|Year : 2014 | Volume
| Issue : 2 | Page : 60-64
Cast splintage: An alternative to internal fixation for the treatment of metastatic diaphyseal femoral fractures secondary to carcinoma of the prostate in developing countries
Chima C Ihegihu1, Ebere Y Ihegihu2, Nzube O Chukwujama3
1 Department of Surgery, Nnamdi Azikiwe University Teaching Hospital, Nnewi, Anambra State, Nigeria
2 Department of Physiotherapy, Nnamdi Azikiwe University Teaching Hospital, Nnewi, Anambra State, Nigeria
3 Department of Surgery, Federal Medical Center, Owerri, Imo State, Nigeria
|Date of Acceptance||10-Oct-2014|
|Date of Web Publication||21-Jan-2015|
Chima C Ihegihu
Department of Surgery, Nnamdi Azikiwe University Teaching Hospital, Nnewi, Anambra State
Source of Support: None, Conflict of Interest: None
Carcinoma of the prostate is the most common malignant tumor in men over 65 years of age, and the prostate is the most common site of origin for skeletal metastases. The femur is the long bone most commonly affected by metastatic prostate disease resulting in pathologic fractures. Internal fixation with the proper constructs is the standard treatment for metastatic diaphyseal femoral fractures secondary to carcinoma of the prostate in well-equipped hospitals in developed countries. In developing countries such as ours where many of the hospitals are ill-equipped, and these constructs are hardly available, cast splintage is a viable alternative to being considered. It is efficacious as demonstrated in this case report of a patient with bilateral metastatic diaphyseal femoral fractures treated with bilateral high above knee full casts. Casting materials are cheap, readily available, and affordable, and patients are discharged home early.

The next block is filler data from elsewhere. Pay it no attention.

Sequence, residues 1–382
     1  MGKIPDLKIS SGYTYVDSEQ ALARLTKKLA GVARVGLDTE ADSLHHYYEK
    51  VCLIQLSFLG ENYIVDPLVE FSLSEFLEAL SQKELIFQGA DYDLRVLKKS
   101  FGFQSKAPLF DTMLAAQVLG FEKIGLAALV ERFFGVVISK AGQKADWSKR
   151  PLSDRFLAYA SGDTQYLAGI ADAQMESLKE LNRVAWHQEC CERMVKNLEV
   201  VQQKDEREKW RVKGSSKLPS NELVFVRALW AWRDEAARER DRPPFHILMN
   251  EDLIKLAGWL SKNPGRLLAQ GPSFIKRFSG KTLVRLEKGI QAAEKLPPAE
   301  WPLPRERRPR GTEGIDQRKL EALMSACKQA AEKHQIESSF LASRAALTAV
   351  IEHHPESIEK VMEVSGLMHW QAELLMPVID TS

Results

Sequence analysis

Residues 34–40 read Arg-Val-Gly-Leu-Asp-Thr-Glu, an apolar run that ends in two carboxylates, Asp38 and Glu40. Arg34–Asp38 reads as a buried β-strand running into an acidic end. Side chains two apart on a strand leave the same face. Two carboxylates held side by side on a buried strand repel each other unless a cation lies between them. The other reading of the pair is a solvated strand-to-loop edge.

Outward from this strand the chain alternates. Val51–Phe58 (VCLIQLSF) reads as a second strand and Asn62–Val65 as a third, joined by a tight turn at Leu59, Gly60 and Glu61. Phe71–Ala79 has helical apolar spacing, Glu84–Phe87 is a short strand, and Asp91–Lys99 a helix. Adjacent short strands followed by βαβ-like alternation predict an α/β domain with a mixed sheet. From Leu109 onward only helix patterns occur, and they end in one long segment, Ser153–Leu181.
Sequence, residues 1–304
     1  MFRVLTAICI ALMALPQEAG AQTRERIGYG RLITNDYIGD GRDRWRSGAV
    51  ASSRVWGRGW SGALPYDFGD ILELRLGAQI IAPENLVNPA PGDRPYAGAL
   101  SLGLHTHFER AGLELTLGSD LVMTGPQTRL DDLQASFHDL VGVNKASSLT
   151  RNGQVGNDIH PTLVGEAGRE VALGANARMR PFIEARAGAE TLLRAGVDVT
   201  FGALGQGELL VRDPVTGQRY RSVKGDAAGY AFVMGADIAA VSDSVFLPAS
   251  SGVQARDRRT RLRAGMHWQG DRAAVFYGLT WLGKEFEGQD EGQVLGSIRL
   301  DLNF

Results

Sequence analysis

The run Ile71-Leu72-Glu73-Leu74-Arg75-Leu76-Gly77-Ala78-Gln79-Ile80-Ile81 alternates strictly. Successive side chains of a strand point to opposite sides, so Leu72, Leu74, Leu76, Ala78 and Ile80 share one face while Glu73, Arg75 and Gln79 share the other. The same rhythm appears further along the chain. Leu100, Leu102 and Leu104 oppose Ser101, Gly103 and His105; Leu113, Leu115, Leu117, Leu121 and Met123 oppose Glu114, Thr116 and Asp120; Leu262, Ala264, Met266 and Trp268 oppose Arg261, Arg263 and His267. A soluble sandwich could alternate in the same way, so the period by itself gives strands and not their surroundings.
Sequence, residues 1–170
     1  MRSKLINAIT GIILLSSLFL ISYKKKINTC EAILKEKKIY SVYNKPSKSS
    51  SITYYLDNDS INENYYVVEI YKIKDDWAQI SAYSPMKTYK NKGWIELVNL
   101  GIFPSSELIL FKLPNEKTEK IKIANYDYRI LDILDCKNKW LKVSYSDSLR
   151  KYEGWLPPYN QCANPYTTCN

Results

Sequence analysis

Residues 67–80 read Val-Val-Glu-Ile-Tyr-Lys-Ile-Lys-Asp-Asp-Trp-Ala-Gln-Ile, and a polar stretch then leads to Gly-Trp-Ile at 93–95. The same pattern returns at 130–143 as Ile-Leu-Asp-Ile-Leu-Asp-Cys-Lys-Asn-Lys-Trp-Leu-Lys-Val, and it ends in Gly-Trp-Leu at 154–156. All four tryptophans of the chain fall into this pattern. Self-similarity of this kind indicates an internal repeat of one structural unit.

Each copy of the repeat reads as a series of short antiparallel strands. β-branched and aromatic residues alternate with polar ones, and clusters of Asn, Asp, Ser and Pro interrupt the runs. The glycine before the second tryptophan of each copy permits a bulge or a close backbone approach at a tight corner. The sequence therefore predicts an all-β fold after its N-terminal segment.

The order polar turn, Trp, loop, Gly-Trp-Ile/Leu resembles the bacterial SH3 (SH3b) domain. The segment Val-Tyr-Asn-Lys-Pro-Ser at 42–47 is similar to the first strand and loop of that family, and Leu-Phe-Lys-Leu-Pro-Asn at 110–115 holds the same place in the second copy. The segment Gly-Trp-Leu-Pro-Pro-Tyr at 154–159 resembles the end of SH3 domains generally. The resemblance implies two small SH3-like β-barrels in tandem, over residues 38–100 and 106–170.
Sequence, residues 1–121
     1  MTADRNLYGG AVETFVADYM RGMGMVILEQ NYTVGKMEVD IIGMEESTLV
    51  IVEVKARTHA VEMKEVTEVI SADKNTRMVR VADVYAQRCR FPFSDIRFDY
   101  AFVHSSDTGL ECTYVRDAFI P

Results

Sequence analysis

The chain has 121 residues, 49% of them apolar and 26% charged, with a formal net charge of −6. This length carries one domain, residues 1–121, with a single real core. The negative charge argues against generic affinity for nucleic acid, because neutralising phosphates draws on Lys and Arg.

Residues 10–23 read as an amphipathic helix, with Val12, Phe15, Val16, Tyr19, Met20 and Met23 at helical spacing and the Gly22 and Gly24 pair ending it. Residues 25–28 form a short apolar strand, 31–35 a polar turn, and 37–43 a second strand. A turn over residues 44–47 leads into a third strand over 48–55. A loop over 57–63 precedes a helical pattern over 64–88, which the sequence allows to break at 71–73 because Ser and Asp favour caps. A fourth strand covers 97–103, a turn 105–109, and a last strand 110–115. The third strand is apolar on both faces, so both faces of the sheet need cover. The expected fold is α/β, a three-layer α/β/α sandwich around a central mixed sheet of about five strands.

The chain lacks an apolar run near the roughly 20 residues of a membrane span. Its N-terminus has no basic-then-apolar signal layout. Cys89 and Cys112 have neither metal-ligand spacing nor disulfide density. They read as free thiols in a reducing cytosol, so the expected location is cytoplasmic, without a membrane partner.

Keywords: Carcinoma of the prostate, cast splintage, diaphyseal femoral fractures, internal fixation
|How to cite this article:|